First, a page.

Sunday, October 31, 2010

Norwegian TV interview

Submitted by Mary Schweitzer <>:

A fantastic TV interview aired on NRK1, Norway's main national
television channel, on Friday, 29 October.

The interview has been made available on You-Tube in Norwegian with English subtitles available, but I've included a translation done for us personally in English.

The reporter interviewed Anette Gilje from the movie "Get me well!"; Dr. Mette Johnsgaard from Lillestrøm Health Clinic; and Ellen Piro from the Norwegian ME Association.

Here is the Youtube version:

Click the red CC link on the bottom right for English subtitles
And here is a translation in English (thanks Renee and Ellen):

Reporter: Scientists now believe they are one step closer to solving the riddle of ME. Around 18,000 [in Norway] suffer from the disease chronic fatigue syndrome. A new virus discovery has given them new hope.

Dr. Mette Johnsgaard to Annette Gilje: "You have a positive serology test."

Anette Gilje: "Wow!"

Reporter: Last Friday the result confirmed what she had thought a long time. She has a virus. For 15 years, Anette Gilje has had a diagnosis of Chronic Fatigue Syndrome diagnose, also known as ME.  Many people have told her that it is all in her head. This virus may be the evidence that proves they were wrong.

Anette Gilje: "It's good to get an explanation as to why I've had such terrible problems with IBS and chronic inflammation for such a long time, and been so ill. But while it is great to get a serious explanation, the health services do not have any medications as yet."

Reporter: A new Norwegian study shows that 50 out of 80 people diagnosed with ME had the newly discovered virus. It has similarities with the HIV virus, but no one has been able to prove yet that it is contagious. The discovery could revolutionize research.

Dr. Johnsgaard: "It's the first time we have completely objective measurements on some patients in this group. It is time that we begin to find lab tests we can take, which can define the disease.  If the ME sufferers are sick because of this virus, they must get a completely different treatment than today."

Anette Gilje: "We are a big step closer to the solution ... and it gives hope for treatment!"

Transcript of the interview with Ellen Piro:

Reporter: Ellen Piro, welcome!  Hope is taken hold now; you may be on the trail of the cause of this disease. What does it mean?

Ellen Piro: "This is a very misunderstood disease. We patients have always felt that there is an underlying infection. We do not know yet if this virus is the direct cause or secondary.

"There are many questions that remain to date. Anyway, it's very exciting.

"What concerns us now is that we see ME patients giving blood."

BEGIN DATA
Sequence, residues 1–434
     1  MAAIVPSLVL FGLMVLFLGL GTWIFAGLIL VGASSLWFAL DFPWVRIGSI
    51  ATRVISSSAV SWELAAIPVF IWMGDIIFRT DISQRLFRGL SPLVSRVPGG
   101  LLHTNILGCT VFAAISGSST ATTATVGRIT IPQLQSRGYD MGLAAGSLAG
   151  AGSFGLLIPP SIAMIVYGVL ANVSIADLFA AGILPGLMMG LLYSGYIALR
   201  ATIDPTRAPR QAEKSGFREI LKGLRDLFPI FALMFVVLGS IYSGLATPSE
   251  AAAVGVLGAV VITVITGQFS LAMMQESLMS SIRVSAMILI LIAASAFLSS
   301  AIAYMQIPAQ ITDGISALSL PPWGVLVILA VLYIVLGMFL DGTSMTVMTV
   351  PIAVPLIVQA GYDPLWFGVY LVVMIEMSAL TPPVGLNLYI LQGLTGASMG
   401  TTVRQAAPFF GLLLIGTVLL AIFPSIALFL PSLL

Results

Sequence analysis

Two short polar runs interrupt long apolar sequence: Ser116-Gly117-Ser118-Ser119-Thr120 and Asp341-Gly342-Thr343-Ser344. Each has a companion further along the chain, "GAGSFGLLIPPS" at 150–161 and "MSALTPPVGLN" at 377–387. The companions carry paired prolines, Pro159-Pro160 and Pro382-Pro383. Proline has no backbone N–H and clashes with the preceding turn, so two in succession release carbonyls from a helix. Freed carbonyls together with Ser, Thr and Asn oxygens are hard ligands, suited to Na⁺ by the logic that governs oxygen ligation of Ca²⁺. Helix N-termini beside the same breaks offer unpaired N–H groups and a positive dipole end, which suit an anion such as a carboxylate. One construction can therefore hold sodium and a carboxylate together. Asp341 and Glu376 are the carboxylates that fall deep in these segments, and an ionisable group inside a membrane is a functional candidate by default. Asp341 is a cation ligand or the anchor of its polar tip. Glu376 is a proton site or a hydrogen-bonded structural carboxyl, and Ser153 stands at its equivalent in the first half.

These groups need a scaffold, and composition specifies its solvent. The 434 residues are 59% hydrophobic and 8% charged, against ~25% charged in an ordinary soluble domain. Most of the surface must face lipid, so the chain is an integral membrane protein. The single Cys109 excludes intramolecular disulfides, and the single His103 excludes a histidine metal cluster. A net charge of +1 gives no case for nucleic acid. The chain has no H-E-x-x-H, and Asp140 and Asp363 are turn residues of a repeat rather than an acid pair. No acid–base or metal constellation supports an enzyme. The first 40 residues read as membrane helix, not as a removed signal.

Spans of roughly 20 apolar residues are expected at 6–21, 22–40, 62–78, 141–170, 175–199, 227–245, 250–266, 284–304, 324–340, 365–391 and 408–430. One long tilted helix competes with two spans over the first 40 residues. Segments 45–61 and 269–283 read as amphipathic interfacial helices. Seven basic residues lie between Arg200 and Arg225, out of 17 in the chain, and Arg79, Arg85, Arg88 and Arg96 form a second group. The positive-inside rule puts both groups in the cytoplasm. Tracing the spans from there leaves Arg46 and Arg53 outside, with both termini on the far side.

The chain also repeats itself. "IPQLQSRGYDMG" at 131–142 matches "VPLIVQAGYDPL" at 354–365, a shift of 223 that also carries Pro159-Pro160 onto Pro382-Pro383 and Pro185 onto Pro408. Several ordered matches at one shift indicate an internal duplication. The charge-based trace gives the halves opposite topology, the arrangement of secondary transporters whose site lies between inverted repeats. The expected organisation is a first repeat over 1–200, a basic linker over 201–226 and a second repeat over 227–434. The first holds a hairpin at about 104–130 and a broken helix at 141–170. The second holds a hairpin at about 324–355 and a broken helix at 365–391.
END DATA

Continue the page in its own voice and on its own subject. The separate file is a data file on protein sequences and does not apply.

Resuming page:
Reporter interrupts: We will come back to it, but let me first ask you: At what degree is what we see now ... this discovery of this virus more than a hypothesis?

Ellen Piro: "It is absolutely certain that the virus is there, and it does not go away. And they find it in large quantities in this patient group. It was first detected in men with prostate cancer, and then in 2009 came this discovery. It is very, very exciting."

Reporter: Why is it so important to clarify the cause?

Ellen Piro: "Of course we want to know why we have had an infection and never become healthy, and we are also looking for treatment. This disease has turned our lives upside down. And many are very, very sick."

Reporter: What kind of problems do these patients meet who suffer from this disease?

Ellen Piro: "Especially distrust,  because the standard tests show nothing, or very little, so patients are not believed and it becomes very hard and very difficult."

Reporter: What challenges are raised if it is a virus that is causing this?

Ellen Piro: "It's what we have believed all along, but it opens the possibility for treatment and now there's a lot of activity in research around the world."

Reporter: Is it about time, do you mean?

Ellen Piro: "Yes, it's about time!"

Reporter: Why?

Ellen Piro: "We have been at it for a long time, waiting and searching and hoping. And this gives absolute hope."

Reporter: You said yourself that you have been working with this issue for 23 years. Tell us a little about the struggle for recognition of the disease.

Ellen Piro: "In my case I was lucky because I got an early diagnosis in London and help there. At that time, 23 years ago, ME was totally unknown in Norway even though it has been listed in the World Health Organization's diagnostic system under neurology since 1969. But it was unknown at the time."

Reporter: You mentioned earlier in this interview; there is a debate if ME patients should be able to give blood or not. What can you say about that?

Ellen Piro: "Scientists abroad are very concerned because they have found positive XMRV in the blood supply, or in healthy people. I have got figures from Belgium now; they have looked in the blood banks - in healthy people. In Europe, it seems that there are 2% of healthy people who test positive. In Japan, they found 1.7%."

Reporter: What does it mean?

Ellen Piro: "This means that it is found in healthy people and we are concerned about transmission. We see that it occurs in families, and we now want the Norwegian health authorities to take this seriously and give a total ban for patients with ME that they should not donate blood."

Reporter: Because you fear that this disease is transmitted by blood transfusion, for example?

Ellen Piro: "Yes."

Reporter: Ellen Piro, thank you for coming to the Morning News.
---------- End of interview -----------

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